Novel Approaches to Produce Active, Folded HIV-1 Tat

Tom Alber, University of California, Berkeley
Basic Biomedical Sciences
Innovative, Developmental, Exploratory Award (IDEA)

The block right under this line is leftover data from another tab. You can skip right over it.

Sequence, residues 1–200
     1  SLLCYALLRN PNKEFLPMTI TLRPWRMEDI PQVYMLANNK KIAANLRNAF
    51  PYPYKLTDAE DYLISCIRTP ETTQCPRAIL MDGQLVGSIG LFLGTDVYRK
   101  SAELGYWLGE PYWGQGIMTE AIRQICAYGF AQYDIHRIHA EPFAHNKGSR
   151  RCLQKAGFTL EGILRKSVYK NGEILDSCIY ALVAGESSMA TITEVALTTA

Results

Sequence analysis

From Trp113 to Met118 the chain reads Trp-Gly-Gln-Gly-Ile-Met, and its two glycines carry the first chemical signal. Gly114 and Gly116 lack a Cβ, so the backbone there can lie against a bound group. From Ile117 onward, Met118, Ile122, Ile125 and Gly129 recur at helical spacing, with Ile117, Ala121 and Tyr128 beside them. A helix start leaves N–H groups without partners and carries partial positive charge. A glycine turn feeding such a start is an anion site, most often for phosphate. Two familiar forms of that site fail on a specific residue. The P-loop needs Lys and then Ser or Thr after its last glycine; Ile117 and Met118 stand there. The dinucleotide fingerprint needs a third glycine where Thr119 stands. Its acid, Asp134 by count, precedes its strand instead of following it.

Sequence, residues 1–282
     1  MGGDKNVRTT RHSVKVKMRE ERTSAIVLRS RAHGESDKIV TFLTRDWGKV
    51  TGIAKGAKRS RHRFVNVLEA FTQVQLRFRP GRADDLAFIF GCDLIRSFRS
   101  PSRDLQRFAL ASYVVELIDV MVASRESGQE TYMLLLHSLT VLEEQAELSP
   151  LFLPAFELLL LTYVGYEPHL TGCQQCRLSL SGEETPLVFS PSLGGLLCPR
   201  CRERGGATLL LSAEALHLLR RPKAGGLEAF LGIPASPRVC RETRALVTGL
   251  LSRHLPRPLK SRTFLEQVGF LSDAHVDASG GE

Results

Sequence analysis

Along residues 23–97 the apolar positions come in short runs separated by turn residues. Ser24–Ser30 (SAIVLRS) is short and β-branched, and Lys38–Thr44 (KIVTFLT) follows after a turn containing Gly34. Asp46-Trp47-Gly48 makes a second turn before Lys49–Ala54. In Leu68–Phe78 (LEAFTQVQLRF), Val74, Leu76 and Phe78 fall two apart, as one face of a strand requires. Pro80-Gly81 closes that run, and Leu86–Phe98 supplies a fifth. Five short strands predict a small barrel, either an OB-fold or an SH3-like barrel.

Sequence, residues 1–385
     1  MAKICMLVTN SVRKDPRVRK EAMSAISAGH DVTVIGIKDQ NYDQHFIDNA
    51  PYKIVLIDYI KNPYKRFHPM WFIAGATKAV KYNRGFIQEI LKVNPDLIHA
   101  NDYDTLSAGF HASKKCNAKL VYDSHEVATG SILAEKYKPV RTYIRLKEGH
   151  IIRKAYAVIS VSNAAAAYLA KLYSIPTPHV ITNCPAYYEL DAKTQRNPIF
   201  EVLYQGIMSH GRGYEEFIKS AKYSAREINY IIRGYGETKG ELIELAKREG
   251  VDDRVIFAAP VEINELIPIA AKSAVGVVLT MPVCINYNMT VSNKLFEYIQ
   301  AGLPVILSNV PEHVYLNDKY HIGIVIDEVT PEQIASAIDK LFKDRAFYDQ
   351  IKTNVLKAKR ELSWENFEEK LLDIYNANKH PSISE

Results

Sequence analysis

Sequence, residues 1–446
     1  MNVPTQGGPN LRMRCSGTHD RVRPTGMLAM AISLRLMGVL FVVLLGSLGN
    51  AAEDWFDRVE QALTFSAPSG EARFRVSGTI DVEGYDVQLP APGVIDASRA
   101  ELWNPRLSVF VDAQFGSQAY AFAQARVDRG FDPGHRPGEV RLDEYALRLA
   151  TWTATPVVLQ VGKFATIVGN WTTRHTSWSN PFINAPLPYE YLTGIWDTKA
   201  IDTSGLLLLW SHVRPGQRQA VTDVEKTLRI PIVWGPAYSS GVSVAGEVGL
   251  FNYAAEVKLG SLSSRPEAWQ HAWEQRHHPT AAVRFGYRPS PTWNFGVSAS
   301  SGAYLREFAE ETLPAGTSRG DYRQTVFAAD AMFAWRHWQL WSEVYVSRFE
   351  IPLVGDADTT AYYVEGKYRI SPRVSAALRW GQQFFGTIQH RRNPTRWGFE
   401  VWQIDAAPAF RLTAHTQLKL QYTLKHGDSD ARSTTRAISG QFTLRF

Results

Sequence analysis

HIV replication in a host cell requires efficient copying of the viral RNA. This process requires an HIV protein called Tat, but the role of this protein is not very well understood because it has not been possible to produce samples of Tat using standard methods. Tat is especially prone to damage during production and purification, and no strategies currently exist to introduce chemical modifications that are essential for full Tat function. As a result, the samples of Tat that have been made to date are heterogeneous mixtures, partially damaged and missing chemical groups that are normally present in Tat in infected cells. To overcome these problems, we propose to create brand new methods to make Tat. In particular, in order to avoid damage and introduce the proper modifications, we have made Tat in a test tube rather than a cell. Tat is generally considered too big to make by chemical synthesis, but we utilized optimized methods we developed previously to make peptides nearly twice as big. To force Tat to adopt the correct three-dimensional shape, we will invent gentle procedures to allow it to sample many different arrangements and to trap the correct structures by binding them to human partner proteins. The human partner called cyclin T1, for example, will be used as a mold to encourage Tat to adopt the correct shape. These approaches have not been tried before. Our strategies are made possible by unique advances in peptide synthesis methods, recent discoveries about chemical modifications of Tat and new knowledge about the partners of Tat in human cells. This work embodies new ways of thinking about the problems that have limited progress on Tat biochemistry for the last 25 years. The success of this project will enable many studies of Tat that have languished because they are currently considered intractable. By opening up new studies of Tat structure and function, this IDEA award has the potential to deliver new insights about how Tat does its job and how to block these functions with new therapeutics